Kazakhstan’s Ministry of Energy discovered and halted the operations of 13 illegal digital asset mining farms. Those were collectively using an electricity capacity of over 200 megawatts.
The central Asian country was torn by protests at the beginning of 2022 when thousands of residents occupied the streets to fight against the surging electricity prices.
Shortly after that unrest, Kazakhstan’s government vowed to crack down on unauthorized cryptocurrency miners amid the accusations that they could negatively impact the nation’s energy network. Back then, Minister Bagdat Musin said:
“Gray miners are doing a lot of harm to our power grid. The energy costs of illegal mining are estimated to exceed 1 gigawatt.”
Shortly after, the Energy Ministry came upon and terminated the activities of 13 illicit digital asset mining facilities. Those were located all over the country in regions like Karaganda, Turkestan, Pavlodar, Akmola, and Kostanai.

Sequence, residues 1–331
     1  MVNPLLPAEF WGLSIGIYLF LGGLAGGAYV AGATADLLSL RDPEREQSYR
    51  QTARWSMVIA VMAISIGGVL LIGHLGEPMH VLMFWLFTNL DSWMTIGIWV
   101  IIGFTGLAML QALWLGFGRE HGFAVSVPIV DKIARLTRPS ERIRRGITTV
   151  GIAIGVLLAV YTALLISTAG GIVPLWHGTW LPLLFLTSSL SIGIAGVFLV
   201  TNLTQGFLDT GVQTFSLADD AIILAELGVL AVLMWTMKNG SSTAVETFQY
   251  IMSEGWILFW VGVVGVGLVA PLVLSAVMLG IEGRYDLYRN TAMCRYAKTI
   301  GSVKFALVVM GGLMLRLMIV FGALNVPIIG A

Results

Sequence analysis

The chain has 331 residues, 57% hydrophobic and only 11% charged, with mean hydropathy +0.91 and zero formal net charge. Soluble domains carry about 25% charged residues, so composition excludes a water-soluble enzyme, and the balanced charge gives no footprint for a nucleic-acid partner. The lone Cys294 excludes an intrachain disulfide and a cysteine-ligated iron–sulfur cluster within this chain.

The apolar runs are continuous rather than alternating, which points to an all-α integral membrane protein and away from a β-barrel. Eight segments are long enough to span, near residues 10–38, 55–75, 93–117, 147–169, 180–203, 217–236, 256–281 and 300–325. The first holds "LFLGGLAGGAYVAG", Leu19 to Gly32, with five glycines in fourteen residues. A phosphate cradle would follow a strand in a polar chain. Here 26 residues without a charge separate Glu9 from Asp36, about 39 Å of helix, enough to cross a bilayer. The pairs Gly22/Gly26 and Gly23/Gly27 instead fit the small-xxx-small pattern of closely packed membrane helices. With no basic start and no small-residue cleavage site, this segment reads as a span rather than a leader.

The authorities further revealed they would continue to identify and disconnect mining farms from the electrical grid, which do not abide by the rules. On the other hand, President Tokayev said “white” miners who act in accordance with the regulations should not be concerned:
“The government is not opposed to “white” miners, but people who want to operate in this sector must have a license, get their electricity at the appropriate tariffs, declare their income and pay taxes, and get involved in green projects.”
Kazakhstan is the second-biggest bitcoin mining location, accounting for 18.1% of the global hash rate. The United States is the only country ahead with 35.4%.